Roli Mahajan – Making the Case for Mandatory Environmental Service

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Nov 03, 2017
by Roli Mahajan
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Roli Mahajan – Making the Case for Mandatory Environmental Service

Journalist urges Asia to engage more closely with nature for their own well-being – and economic prosperity Mahajan imagines a future where it is mandated that one serves the state through environmental service

Mahajan will be the rapporteur at the upcoming session in the series The Asia We Want: Building Community Through Regional Cooperation. All participants were invited to share their own vision for “the Asia we want.”

Let us take a few minutes off our busy lives and imagine a world where conscription is mandatory in all countries but with a slight twist. Instead of a military conscription, what if it is mandated that one serves the state through environmental service. During this mandated period, one is asked to take time off to bond with and serve nature by choosing sustainable practices, living a minimalistic life-style and working on solutions which can be implemented by them as professionals. The idea might sound bizarre but it has its own merits.

As more and more people move to the cities in search of better economic opportunities, the green cover shrinks, infrastructural demands overtax cities, while cities struggle to provide quality living standards to their constantly increasing population. It is but natural that people will no longer be at one with nature. What one does not see or touch is automatically just an exotic pleasure and not something you know how to connect with.

Some cities are exploring greener and cleaner options like vertical gardens and zero emission buildings, but these initiatives are outnumbered by irresponsible ventures which solely concentrate on moolah and not well-being. City-planners are not mindful of green infrastructure and often concentrate on short-term benefits like finding opportunities to earn a quick buck or nurture nepotism.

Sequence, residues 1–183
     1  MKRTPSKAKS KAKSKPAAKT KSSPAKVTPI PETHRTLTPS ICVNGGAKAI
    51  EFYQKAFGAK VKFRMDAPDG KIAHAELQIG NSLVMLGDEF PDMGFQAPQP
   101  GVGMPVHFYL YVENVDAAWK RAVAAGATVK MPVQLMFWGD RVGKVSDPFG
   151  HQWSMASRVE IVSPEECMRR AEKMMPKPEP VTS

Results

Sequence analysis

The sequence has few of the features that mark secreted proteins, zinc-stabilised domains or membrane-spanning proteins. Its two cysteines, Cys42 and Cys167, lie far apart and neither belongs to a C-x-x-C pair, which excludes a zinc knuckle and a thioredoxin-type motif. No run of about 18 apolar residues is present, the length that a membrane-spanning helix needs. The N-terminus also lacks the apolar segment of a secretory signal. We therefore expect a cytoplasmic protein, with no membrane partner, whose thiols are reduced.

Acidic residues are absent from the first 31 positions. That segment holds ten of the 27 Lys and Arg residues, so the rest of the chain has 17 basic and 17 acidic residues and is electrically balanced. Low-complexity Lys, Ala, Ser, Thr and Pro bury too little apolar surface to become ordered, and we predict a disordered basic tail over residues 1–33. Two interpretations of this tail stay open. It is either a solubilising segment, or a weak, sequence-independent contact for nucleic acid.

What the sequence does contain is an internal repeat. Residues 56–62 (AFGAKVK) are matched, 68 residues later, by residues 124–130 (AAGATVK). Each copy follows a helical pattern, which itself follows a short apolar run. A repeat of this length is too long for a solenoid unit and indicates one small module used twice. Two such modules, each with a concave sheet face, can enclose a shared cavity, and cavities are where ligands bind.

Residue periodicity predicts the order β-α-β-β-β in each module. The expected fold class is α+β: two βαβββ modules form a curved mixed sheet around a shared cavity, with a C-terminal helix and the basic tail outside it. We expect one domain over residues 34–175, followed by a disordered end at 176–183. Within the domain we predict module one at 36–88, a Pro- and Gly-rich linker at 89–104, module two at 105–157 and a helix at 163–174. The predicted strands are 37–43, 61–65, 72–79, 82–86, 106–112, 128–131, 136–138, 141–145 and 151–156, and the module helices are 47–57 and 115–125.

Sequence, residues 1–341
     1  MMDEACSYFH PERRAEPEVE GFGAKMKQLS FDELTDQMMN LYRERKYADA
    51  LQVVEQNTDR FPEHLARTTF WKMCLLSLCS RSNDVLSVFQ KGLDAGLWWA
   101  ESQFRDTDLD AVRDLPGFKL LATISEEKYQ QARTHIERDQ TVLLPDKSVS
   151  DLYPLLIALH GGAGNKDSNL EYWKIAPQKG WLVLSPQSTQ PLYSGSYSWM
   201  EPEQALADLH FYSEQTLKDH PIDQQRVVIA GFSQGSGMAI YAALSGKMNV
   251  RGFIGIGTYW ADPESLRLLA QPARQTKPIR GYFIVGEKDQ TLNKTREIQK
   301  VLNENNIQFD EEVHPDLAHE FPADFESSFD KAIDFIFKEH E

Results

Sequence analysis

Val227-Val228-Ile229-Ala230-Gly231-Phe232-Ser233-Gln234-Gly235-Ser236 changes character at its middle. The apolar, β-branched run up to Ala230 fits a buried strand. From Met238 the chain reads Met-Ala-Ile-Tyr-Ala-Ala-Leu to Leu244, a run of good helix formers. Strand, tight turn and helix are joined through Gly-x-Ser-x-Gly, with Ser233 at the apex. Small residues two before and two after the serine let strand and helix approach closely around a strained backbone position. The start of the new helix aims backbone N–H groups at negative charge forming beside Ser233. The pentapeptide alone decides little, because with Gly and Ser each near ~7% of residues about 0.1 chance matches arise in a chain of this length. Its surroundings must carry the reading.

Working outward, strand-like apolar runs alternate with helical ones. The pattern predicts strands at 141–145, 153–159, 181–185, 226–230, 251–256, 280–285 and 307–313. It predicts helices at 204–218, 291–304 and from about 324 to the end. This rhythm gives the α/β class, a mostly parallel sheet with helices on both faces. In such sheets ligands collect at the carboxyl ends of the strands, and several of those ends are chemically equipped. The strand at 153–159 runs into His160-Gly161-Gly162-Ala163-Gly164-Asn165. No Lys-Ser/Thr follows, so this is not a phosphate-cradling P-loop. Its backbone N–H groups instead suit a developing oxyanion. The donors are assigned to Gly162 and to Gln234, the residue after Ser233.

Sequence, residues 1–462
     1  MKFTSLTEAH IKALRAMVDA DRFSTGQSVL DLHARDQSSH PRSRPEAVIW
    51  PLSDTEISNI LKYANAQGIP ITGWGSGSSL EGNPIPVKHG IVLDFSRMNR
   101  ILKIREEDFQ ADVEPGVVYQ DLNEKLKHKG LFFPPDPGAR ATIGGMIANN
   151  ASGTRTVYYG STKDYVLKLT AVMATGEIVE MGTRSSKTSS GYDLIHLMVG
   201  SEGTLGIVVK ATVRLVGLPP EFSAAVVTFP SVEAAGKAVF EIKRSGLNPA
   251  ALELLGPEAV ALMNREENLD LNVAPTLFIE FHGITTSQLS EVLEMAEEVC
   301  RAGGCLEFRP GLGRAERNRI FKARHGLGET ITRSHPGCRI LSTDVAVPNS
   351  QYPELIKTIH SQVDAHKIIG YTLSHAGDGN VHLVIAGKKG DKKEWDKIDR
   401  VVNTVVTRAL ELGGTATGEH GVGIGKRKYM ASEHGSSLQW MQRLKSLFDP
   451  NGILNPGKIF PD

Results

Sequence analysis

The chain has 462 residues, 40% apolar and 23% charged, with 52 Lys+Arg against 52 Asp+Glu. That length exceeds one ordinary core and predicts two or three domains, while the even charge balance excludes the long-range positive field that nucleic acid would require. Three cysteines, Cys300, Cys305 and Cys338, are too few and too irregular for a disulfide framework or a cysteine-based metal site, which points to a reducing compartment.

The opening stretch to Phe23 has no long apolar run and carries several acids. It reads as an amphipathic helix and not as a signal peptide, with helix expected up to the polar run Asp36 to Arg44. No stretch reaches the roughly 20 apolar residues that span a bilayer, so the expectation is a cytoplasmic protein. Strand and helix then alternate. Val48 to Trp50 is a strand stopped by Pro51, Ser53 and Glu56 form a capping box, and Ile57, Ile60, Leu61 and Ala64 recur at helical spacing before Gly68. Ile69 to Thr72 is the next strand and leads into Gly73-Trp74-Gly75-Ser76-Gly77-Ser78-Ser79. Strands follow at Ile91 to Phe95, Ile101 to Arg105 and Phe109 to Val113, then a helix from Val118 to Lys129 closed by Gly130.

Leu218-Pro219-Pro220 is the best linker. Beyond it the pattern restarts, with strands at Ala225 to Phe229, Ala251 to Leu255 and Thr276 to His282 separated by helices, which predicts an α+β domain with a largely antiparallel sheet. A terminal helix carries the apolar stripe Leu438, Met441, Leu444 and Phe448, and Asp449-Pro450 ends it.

Organic food seems to have become a trend but farmers are struggling to produce more by using an abundance of chemical fertilizers, and ordinary people do not have a green thumb, time or space to try their hand at growing their own food. Even if they could, one wonders how they would get access to clean water and air. To top it all, green and clean spaces seem to be a privilege that only the rich can afford. The poorer parts of the city are left with filth, potholes and shrubs (if any) as growth there is “unplanned.”

If you think that wanting a green Asia where people value nature is an unrealistic and intangible measure of the well-being of the continent or its people, then let us touch upon the economics of human capital and growth.

Asian cities are growing because they are hailed as the engines of economic growth. For example: Xingtai in China, 400km from Beijing, generates its pollution from coal production – a bane to China’s environment but an unshakable source of energy for economic growth.

But polluted cities are not conducive to productive human behavior. An OECD report states that air pollution is not only one of the most serious environmental risks but also the cause of 5.5 million premature deaths globally in 2013. A 2014 working paper finds that labor productivity falls when air pollution rises. On the other hand, the researchers at the University of Michigan say that after just an hour interacting with nature, memory performance and attention spans improved by 20 percent. In workplaces designed with nature in mind, employees are more productive and take less sick time.

So mandated bonding time with nature makes perfect sense. It would inspire us to concentrate on well-being, live minimally and sustainably. It might help us envision an Asia that might not be growing like tiger or a dragon but at such a pace that it can sustain a minimalistic lifestyle for all its people.

All in all, the idea should incite us to question systems and help them adapt. After all, a clean and green region/country/locality will not become a reality unless we innovate, pick on unconventional solutions that focus on collective well-being, and include the environmental pillar too.

Roli Mahajan is a freelance journalist and communications consultant. She has worked as an assistant producer, blogger, journalist, social media consultant, and analyst for organizations like WSPA, DFID, Love Matters and the World Bank.


Session 591 - The Asia We Want: Building Community Through Regional Cooperation I - A Clean and Green Asia- is the first session of a new multi-year series held in partnership with the Japan Foundation. For more information on the Session, please click here. To keep up to date with the conversations taking place during the session on social media, follow #SGSasia.

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